The Australian Financial Review (AFR) secured a strong gathering of speakers as it continues to push its summits as an alternative to Canberra. Yet it was a Canberra crowd on show: ministers, industry, regulators, investors – everyone except the group with equal influence over the speed of transition – communities and their engagement through the approvals process. More on that later.
Headlines or insights?
As well, there was a much better effort from AFR moderators to extract understanding and detail from speakers, rather than headlines as in previous summits. But still they needed to go deeper. This was a summit with a specialist audience, but much was said at a generic, base level of understanding.
Indeed some speakers, guided from previous outings, came prepared to generate headlines. Boral claimed that it has to turn off its plant “almost every day” due to spikes in energy prices. As the moderator suggested, it seems odd for such an energy-dependent producer to be on a spot price, and private conversations later confirmed that plant stoppages might happen “once or twice a year”.
The new chair of the National Reconstruction Fund (NRF), on the other hand, pushed the more constructive headline ‘Go hard, be brave’. In a transition as complex as this, Martijn Wilder said we need to take a portfolio approach and accept that some ideas to be funded by the NRF will not work. He pleaded with commentators not to punish every learning opportunity, but to celebrate rational risk-taking as a necessary mindset and the route to testing good ideas.
A clear split on nuclear
Overall, there was extremely strong consensus within industry of the need for the transition, with a supporting role for gas, and support for AEMO’s Integrated Systems Plan. The only bone of real contention was the potential of nuclear energy. In the blue corner on the cost question alone, Minister Bowen and the CSIRO/AEMO GenCost report; in the red corner, Shadow Minister O’Brien and Westinghouse, who produces the small modular reactors.
But even Westinghouse conceded ‘small modular reactors’ (SMRs) would have only a limited baseload role in support of renewables, and are at best 15 years away for Australia, assuming everyone supports them. That remains too late to replace departing coal, before considering the emissions spent in construction and the water used in operation. Offshore wind is gaining support as alternative baseload, with oceans wind being stronger and more consistent than onshore.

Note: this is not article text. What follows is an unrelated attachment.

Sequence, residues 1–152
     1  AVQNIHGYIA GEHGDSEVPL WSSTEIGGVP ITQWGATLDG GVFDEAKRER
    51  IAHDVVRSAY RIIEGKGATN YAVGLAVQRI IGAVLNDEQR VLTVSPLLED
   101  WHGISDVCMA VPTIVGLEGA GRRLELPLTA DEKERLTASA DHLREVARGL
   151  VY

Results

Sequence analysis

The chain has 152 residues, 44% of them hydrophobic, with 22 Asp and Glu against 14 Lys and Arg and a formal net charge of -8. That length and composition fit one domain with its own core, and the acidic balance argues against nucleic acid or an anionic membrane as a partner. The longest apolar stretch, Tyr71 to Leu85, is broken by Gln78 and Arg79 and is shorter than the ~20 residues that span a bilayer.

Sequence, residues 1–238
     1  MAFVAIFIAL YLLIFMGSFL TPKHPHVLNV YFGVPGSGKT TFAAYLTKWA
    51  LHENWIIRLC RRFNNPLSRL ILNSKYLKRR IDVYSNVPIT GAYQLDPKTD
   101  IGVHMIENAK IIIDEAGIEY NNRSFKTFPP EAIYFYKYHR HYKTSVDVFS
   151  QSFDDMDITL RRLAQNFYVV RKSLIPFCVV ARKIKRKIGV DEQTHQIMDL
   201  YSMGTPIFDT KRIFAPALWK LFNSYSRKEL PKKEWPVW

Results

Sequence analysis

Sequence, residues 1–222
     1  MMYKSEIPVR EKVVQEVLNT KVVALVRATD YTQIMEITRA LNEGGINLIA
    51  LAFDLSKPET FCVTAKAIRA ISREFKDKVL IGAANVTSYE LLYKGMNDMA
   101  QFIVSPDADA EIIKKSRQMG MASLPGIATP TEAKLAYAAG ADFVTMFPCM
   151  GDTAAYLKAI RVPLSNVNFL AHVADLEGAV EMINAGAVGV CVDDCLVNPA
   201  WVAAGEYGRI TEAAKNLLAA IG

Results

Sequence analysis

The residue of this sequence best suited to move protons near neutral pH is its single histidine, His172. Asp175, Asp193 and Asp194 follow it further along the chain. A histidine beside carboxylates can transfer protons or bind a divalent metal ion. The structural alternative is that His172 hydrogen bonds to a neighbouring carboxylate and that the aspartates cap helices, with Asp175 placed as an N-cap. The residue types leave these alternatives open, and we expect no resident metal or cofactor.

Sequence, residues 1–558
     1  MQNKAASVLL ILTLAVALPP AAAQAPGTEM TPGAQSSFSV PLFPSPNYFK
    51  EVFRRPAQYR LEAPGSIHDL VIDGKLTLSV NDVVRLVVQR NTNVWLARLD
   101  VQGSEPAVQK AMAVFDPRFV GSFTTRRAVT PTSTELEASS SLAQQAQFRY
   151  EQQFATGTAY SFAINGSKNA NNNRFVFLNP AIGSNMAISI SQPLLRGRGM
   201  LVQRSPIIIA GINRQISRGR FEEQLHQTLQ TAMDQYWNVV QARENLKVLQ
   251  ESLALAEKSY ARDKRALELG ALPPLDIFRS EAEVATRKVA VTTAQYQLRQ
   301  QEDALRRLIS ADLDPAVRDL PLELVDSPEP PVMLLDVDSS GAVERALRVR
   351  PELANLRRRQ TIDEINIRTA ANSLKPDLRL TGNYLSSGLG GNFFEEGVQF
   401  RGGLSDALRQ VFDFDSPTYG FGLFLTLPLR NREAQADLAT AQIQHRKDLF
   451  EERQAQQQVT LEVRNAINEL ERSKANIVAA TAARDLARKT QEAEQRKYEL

Social licence for a project, or a plan?
There are headwinds to the transition plan, in particular on social licence, in two areas. Both fall where private rights intersect with community need. This is a place for political parties especially to help find solutions, to be bipartisan on shared energy and community goals.
The first area is major energy infrastructure projects. There is certainly a need for speed over the next 15 years. At the moment, the consultation processes that are holding up investment seem to be rules-based rather than outcomes-based, and compensation-based rather than seeking to build sustainable local economies.
Perhaps there is a need to move on from each project being its own negotiation battlefield. Perhaps it would be worthwhile to invest some time in clarifying a more transparent, evidence- and respect-based framework for community agreement on a sustainable future that all parties can trust. That investment may clear the road for much faster and certain processes, and more diverse and innovative local solutions.
Whatever the case, a different approach is needed. As one former regulator confessed, it was a revelation to hear that landowners preferred to talk with their neighbours, rather than as individuals – which is consultation 101 in any other world.
The second area is in ‘consumer energy resources’ or CER, the new acronym to describe all the rooftop solar and batteries that households and businesses are laying out and which can already meet up to 48% of our national energy demand – in the middle of a sunny day. That is fine for those lucky enough to have invested in CER, but the grid needs massive investment to cater for the energy flows, which all energy users have to pay for. Again, compromise will be needed to manage both the grid and the competing interests.
To be fair, better approaches are being pursued, in particular through the proposed welcome changes to the Australian Energy Rules on community engagement for infrastructure projects, and through State-based enquiries. However, these rules still treat each project as its own end, presume ‘community benefits’ means compensation or funding, do not call for an integrated approach to land use planning, nor insist on local community participation in that planning.
There is still much work to be done to ensure the energy transition fulfils its potential to renew for the better both the Australian economy and many of its communities. But that potential is very strong, and very much remains in sight.
Josh Dowse is Head of ESG for the communication consultancy SenateSHJ.